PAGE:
- Between Kijun and Tenkan-sen. We are still waiting for a test of a slower average, which may be support/resistance, protecting the trend and breaking the faster average to continue the trend.
Ichimoku Kinko Hyo trading strategy
Consider the components of Ichimoku in more detail.
Cloud – trend confirmation
The trading system can be based on a cloud created by Senkou Span lines. The cloud illustrates the current trend on the chart. When the price (candle) enters (penetrates) the cloud below, you can look for the possibility of opening a long (buy) transaction. If the price penetrates the cloud from above, you may consider a short (sell) position. When the price is above the cloud, this means that the pair is always in an uptrend. If it is below the cloud, this means that the pair is in an downtrend. This strategy can help to give the trader a good understanding of the market and trends.
To summarize, the basic strategy would be to buy when the price is above the cloud, and sell when the price is below the cloud. Of course, this can be confirmed using additional chat analysis.
Tenkan Sen (fast) and Kijun Sen (slow)
In a trend, you can trade using two lines: fast and slow. The fast line is calculated based on the last nine periods, and the slow line is calculated based on the last 26 periods, so the Tenkan Sen line moves faster than Kijun Sen. The fast line is always closer to the price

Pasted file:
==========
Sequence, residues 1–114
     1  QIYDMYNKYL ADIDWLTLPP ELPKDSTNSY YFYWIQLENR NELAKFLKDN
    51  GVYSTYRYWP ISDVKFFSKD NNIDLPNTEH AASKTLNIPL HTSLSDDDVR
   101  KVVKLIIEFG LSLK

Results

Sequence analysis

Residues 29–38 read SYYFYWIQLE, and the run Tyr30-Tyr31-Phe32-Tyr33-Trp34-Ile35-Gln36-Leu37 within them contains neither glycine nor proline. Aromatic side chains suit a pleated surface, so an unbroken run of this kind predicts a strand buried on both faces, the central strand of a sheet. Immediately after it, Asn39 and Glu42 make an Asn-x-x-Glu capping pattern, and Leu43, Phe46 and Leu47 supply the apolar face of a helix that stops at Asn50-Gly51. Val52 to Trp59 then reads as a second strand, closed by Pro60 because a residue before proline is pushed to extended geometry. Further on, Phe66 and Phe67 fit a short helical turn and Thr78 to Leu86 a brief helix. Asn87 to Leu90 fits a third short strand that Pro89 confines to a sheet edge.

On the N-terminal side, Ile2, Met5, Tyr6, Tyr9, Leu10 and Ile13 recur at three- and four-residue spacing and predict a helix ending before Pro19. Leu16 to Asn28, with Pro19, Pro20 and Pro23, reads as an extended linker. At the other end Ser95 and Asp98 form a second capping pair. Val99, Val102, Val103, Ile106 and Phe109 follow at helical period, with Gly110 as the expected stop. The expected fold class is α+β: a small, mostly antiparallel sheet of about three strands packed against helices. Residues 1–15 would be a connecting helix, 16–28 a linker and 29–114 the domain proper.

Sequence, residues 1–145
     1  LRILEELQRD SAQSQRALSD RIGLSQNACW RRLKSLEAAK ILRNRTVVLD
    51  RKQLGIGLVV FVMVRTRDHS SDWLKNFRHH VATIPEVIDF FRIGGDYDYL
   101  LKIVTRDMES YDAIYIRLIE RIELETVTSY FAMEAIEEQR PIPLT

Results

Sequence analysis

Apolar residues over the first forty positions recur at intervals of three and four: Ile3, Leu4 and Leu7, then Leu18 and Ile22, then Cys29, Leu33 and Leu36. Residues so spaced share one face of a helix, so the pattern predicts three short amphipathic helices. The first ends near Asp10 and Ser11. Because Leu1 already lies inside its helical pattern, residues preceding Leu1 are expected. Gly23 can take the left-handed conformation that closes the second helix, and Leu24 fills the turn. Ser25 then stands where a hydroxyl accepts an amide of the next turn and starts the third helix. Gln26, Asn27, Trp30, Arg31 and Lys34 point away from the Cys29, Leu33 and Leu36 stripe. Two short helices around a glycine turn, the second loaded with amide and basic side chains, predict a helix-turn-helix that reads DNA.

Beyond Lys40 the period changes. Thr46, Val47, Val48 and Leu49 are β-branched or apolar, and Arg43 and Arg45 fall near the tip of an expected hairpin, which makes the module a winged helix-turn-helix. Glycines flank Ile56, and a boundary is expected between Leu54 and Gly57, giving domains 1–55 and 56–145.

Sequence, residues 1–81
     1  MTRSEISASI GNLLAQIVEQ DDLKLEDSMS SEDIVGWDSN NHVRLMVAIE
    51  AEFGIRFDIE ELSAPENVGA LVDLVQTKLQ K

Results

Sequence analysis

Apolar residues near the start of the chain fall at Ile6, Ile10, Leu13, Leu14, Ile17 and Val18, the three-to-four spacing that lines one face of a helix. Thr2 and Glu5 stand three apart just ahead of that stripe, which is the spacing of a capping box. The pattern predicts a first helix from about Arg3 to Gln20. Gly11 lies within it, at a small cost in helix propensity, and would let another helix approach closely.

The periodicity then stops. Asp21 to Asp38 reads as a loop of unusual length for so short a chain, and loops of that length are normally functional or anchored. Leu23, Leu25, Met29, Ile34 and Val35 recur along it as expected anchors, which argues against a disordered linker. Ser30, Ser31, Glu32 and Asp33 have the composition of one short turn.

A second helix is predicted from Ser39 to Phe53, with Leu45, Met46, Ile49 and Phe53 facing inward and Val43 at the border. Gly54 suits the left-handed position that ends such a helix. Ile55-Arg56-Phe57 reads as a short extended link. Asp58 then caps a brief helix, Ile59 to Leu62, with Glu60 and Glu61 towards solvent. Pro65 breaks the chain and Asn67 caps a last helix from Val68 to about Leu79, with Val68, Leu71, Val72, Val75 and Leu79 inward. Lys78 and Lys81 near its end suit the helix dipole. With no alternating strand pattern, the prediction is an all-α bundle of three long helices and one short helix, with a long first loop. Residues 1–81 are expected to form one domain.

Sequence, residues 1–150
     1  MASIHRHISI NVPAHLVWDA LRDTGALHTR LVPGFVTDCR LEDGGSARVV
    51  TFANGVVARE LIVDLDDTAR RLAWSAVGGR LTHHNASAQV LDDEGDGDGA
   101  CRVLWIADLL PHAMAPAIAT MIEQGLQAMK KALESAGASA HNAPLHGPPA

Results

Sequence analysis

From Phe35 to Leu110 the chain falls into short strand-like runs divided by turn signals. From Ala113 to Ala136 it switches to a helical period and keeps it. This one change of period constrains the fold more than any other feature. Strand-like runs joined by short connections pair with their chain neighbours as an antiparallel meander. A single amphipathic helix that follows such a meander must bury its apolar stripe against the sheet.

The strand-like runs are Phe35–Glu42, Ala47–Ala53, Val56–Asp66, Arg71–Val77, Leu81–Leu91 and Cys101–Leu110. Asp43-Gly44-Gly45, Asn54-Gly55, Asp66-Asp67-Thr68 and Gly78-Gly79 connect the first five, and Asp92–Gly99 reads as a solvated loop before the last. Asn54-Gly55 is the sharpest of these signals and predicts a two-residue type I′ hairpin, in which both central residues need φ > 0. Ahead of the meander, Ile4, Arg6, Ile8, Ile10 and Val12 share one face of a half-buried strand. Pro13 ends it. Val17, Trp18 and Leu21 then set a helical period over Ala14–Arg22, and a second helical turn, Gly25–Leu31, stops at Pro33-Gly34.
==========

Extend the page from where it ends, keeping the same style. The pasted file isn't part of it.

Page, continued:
In the figure below, the fast line is green, and the slow line is pink. But when the fast line crosses the slow line from the bottom up, and sell when the fast line crosses the slow line from the top down. Clouds and lines can be used separately; however, if both give the same signal, the signal could be considered stronger.
Using the “half” ( see the formulas above, where the values are divided by 2 ) from a given period makes the Ichimoku lines dynamic, moving support and resistance levels, which are built in accordance with the volatility and direction of price movement.
Chikou Span as an entry confirmation
Chikou Span gives additional confirmation. Chikou Span is a line that works as an additional confirmation. Therefore, some traders can open positions only when the line indicates such an opportunity. When they are patient enough to wait for the signal coming from the Chikou Span, as shown in the figure below. Even when the cloud has no good signs, the Chikou Span line works!
To summarize, when Chikou Span is above the cloud, a trader may look to open long positions, and when below the cloud, they may look for short positions.
So, the main signals given by the Ichimoku indicator are: